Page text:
HC Deb 03 August 1888 vol 329 cc1377-9

, in rising to ask Her Majesty's Government, Whether it is intended to construct a first-class dock at Gibraltar? and to move for copies of correspondence and reports (if any) that have been addressed to the Admiralty on the subject, said, that since the opening of the Suez Canal the commerce in the Mediterranean had enormously increased, and he had been told by those who had hold high command at Gibraltar that the number of vessels passing that place had increased to a very great extent, and that five-sevenths at least of that shipping belonged to England. With regard to the accommodation for our men-of-war, we had literally nothing in the event of war time to provide for repairing them at Gibraltar. The docks at Malta were all they had to depend upon; while Cyprus also seemed to many naval men to hold out a prospect of a fair dockyard. Our Naval Establishment at Gibraltar was of the very smallest, considering the importance of the position with regard to our political relations, as shown during the last war, and to the fact that since then our commerce had increased tenfold, and that there was every reason to believe that as long as the Suez Canal was open it would not only remain in its present greatness, but would materially increase. During the operations of Lord Nelson and the blockade of Toulon, the British ships had been able to remain at sea for several months at a time; but the shins of that day did not require so much repair, and they could also be careened at Gibraltar. At the present day not only men-of-war, but also the large merchant steamers, were liable to accidents to which the old wooden ships had not been liable, and it was impossible to repair them without the assistance of docks. Since he had first considered the propriety of calling their Lordships' attention to this matter he had communicated with several gallant friends, at least four of whom were highly distinguished Admirals, and had asked them as to the necessity for docks at Gibraltar. They had one and all recognized the importance of the question. One of them, who had been in command at Gibraltar, and another, who had been Commander-in-Chief in the Mediterranean, stated that it was of the utmost importance to this country that there should be a dock at Gibraltar, and he knew that he could appeal to the opinion of the noble and gallant Field Marshal who had addressed their Lordships that afternoon. It might be said that there was no site for a dock which would be free from the danger of shelling from the land side; there were, however, four places which were mentioned as possible sites. He would not attempt to give an opinion on this point; some of them seemed undesirable, but one or two appeared to be places in which a dock might be constructed at an expense of not more than £250,000. He trusted that the noble Marquess, who he knew had paid much attention to the question of the defence of this country, would give his personal attention to this matter. He had recently heard from gentlemen who were connected with Gibraltar in a commercial way, and they told him that the need of such accommodation for ships was so strongly felt by the commercial classes there that, once the dock was under construction, the Government would receive unanimous support from the inhabitants of the Colony. In conclusion, he begged to ask whether any communications had been received on the subject, and to move for Papers.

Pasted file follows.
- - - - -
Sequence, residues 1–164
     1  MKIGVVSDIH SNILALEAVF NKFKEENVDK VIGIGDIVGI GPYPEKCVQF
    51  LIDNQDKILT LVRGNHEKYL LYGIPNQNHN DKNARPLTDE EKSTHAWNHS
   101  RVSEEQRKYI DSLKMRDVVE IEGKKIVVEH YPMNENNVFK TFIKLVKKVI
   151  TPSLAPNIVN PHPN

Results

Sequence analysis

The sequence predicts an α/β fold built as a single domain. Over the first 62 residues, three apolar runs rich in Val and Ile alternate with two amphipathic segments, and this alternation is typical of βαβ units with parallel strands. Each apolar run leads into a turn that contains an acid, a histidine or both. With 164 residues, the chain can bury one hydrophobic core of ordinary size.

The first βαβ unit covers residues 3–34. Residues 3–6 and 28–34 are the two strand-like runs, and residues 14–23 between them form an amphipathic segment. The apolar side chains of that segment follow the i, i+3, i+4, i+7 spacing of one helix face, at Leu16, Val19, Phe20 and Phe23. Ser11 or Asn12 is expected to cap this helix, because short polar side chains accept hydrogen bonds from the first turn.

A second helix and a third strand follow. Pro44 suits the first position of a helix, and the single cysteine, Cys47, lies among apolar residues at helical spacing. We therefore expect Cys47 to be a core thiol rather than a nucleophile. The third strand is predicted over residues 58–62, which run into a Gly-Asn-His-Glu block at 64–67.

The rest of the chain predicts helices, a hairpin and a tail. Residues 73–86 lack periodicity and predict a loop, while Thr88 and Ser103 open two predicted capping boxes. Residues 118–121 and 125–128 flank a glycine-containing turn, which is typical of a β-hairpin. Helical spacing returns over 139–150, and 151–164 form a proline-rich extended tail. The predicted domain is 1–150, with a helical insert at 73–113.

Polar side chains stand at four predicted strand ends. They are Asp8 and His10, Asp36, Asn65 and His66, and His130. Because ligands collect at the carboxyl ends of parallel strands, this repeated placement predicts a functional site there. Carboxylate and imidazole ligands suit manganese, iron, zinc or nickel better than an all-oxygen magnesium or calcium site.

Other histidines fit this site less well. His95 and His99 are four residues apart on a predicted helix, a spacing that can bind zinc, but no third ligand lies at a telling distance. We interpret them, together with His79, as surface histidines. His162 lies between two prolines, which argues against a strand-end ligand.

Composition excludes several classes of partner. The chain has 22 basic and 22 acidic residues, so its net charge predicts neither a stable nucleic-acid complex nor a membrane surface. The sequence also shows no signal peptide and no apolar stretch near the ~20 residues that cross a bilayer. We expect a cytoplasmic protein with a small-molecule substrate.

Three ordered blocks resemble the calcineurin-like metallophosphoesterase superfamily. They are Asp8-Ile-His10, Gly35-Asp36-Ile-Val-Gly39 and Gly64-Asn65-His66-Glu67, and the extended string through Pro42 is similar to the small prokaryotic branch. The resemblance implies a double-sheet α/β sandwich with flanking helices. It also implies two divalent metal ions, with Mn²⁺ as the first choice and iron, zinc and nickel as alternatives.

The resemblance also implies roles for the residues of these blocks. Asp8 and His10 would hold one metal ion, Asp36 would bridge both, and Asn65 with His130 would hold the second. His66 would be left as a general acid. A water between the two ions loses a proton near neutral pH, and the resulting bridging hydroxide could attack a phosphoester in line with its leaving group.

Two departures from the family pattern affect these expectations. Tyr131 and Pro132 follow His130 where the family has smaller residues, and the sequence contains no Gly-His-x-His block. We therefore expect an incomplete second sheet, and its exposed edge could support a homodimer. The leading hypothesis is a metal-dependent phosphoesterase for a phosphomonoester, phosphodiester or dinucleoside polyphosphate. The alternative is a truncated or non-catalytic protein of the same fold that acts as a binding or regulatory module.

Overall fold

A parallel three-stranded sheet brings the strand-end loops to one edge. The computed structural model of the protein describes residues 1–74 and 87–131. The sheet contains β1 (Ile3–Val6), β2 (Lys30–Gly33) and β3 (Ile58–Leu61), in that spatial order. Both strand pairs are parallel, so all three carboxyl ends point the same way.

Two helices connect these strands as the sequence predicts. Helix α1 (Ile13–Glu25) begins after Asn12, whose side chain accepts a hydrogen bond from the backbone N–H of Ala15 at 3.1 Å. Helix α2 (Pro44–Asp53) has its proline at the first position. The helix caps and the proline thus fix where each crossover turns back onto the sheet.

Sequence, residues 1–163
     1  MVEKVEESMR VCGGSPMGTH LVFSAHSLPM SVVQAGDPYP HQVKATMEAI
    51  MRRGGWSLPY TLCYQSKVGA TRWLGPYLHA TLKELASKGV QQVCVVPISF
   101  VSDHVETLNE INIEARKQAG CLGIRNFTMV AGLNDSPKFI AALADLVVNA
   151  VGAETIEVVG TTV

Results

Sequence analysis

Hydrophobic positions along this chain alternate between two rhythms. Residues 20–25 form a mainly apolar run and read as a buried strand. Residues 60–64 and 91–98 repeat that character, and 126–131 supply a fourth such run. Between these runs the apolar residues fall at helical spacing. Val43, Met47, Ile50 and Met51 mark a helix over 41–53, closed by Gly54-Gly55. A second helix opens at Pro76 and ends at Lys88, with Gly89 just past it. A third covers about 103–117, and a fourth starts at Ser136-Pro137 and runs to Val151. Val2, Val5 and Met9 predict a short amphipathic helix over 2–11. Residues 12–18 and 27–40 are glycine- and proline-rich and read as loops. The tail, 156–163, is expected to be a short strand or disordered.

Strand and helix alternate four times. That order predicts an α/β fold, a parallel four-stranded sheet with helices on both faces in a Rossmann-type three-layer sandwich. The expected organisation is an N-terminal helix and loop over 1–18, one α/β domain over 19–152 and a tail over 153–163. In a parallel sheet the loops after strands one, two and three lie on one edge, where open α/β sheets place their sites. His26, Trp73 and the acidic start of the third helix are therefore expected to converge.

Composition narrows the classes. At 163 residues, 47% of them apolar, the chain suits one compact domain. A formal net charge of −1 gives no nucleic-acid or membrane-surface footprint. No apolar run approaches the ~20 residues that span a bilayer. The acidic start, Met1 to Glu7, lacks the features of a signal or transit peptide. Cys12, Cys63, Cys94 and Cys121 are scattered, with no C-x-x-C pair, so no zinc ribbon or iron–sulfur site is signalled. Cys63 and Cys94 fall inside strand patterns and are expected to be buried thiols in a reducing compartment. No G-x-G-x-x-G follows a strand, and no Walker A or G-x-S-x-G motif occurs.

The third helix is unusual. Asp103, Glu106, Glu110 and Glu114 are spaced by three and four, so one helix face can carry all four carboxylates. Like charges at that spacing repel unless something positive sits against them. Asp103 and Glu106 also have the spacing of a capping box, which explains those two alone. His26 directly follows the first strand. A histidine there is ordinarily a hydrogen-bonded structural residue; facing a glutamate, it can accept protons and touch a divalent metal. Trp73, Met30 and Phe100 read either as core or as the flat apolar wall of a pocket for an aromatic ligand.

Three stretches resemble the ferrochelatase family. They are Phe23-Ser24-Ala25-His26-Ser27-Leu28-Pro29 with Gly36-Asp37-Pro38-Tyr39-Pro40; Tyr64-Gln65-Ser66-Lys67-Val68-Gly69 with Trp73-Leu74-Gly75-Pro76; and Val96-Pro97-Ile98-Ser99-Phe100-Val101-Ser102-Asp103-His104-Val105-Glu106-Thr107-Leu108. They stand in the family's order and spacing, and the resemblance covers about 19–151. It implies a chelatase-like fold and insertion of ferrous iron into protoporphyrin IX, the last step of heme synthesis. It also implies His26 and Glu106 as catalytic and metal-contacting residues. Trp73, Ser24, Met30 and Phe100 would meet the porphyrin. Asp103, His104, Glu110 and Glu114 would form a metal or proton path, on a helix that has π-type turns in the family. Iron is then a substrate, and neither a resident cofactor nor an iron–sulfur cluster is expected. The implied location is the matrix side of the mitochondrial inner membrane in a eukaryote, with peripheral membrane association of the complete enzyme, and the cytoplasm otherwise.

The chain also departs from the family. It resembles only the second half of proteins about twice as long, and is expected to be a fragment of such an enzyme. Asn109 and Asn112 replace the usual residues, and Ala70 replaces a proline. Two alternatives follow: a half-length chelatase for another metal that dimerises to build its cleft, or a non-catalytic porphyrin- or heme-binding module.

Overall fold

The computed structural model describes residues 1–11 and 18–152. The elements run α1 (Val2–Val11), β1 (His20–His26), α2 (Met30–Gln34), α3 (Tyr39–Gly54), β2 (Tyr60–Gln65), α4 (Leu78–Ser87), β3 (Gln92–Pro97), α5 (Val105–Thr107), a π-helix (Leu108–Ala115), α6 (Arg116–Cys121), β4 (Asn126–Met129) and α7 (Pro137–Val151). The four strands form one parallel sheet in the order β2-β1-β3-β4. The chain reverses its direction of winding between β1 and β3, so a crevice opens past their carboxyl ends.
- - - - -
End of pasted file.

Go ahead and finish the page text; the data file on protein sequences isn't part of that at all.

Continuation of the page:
Moved, That there be laid before this House— Copies of correspondence and reports (if any) that have been addressed to the Admiralty on the subject of a first-class dock at Gibraltar."—(The Viscount Sidmouth.)


said, that he could entirely support the views of the noble and gallant Lord who had brought forward this Motion. No one could have lived at Gibraltar for any time without being aware of the great necessity for having the means of repairing ships. Regarding the several places named for the construction of docks, he would deprecate any construction on the north front, as it would take away the best defence—a clear plain; but on the side of the Mediterranean there was a place that might be suitable—Rosea Bay, which would be safe from land attacks, and open only to the attacks to which every place on an open coast was liable—attacks from the sea, from which the fortifications above it would defend it.


said, that Her Majesty's Government fully recognized the advantage that would be derived from the fact of having a dock at Gibraltar. Many schemes had been from time to time submitted to Her Majesty's Government, and recently they had had five; but of these only two had been accompanied by a detailed plan, while of those two, one bad not been for the construction of a dock so much as a pier for coaling purposes. The consideration of these various schemes had been delayed pending the receipt of plans and other details which had not yet been received. With regard to the question of sites, no survey had been made by Her Majesty's Government, and the only scheme with a detailed plan was that submitted by Sir W. Reid. There was another scheme suggested by Lloyd's, and two engineers had been sent out for the purpose of examining the proposed site; but they had had no communication with them since last April 12 months. No correspondence whatever had been specially addressed to the Admiralty. There had been an amount of correspondence between various parties and Her Majesty's Government, but it was not considered desirable to lay it on the Table. It was incomplete, and no object would be served by producing it. He hoped, therefore, the Motion for the Papers would not be pressed.

Motion (by leave of the House) withdrawn.